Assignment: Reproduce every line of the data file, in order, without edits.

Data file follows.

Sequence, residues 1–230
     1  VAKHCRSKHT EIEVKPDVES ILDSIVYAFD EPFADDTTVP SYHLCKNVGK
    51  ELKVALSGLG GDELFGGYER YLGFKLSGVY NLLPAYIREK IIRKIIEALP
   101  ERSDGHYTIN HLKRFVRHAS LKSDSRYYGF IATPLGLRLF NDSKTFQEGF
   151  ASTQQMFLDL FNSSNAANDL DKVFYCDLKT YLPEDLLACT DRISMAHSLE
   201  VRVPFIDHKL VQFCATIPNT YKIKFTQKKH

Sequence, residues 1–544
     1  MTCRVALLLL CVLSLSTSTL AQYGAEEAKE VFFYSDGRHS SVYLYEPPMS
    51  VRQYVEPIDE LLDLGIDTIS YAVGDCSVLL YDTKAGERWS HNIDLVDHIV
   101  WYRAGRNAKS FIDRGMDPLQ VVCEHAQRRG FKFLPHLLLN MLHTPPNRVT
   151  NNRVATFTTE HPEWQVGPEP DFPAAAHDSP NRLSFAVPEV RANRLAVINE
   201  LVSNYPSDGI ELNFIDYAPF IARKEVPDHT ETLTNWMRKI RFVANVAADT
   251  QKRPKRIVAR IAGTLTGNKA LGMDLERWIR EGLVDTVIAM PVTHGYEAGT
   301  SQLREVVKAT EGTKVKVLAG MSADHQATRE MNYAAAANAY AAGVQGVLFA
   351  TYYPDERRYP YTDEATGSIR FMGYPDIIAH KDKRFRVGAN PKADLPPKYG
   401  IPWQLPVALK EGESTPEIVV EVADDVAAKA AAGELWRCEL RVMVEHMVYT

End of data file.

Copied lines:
Sequence, residues 1–230
     1  VAKHCRSKHT EIEVKPDVES ILDSIVYAFD EPFADDTTVP SYHLCKNVGK
    51  ELKVALSGLG GDELFGGYER YLGFKLSGVY NLLPAYIREK IIRKIIEALP
   101  ERSDGHYTIN HLKRFVRHAS LKSDSRYYGF IATPLGLRLF NDSKTFQEGF
   151  ASTQQMFLDL FNSSNAANDL DKVFYCDLKT YLPEDLLACT DRISMAHSLE
   201  VRVPFIDHKL VQFCATIPNT YKIKFTQKKH

Sequence, residues 1–544
     1  MTCRVALLLL CVLSLSTSTL AQYGAEEAKE VFFYSDGRHS SVYLYEPPMS
    51  VRQYVEPIDE LLDLGIDTIS YAVGDCSVLL YDTKAGERWS HNIDLVDHIV
   101  WYRAGRNAKS FIDRGMDPLQ VVCEHAQRRG FKFLPHLLLN MLHTPPNRVT
   151  NNRVATFTTE HPEWQVGPEP DFPAAAHDSP NRLSFAVPEV RANRLAVINE
   201  LVSNYPSDGI ELNFIDYAPF IARKEVPDHT ETLTNWMRKI RFVANVAADT
   251  QKRPKRIVAR IAGTLTGNKA LGMDLERWIR EGLVDTVIAM PVTHGYEAGT
   301  SQLREVVKAT EGTKVKVLAG MSADHQATRE MNYAAAANAY AAGVQGVLFA
   351  TYYPDERRYP YTDEATGSIR FMGYPDIIAH KDKRFRVGAN PKADLPPKYG
   401  IPWQLPVALK EGESTPEIVV EVADDVAAKA AAGELWRCEL RVMVEHMVYT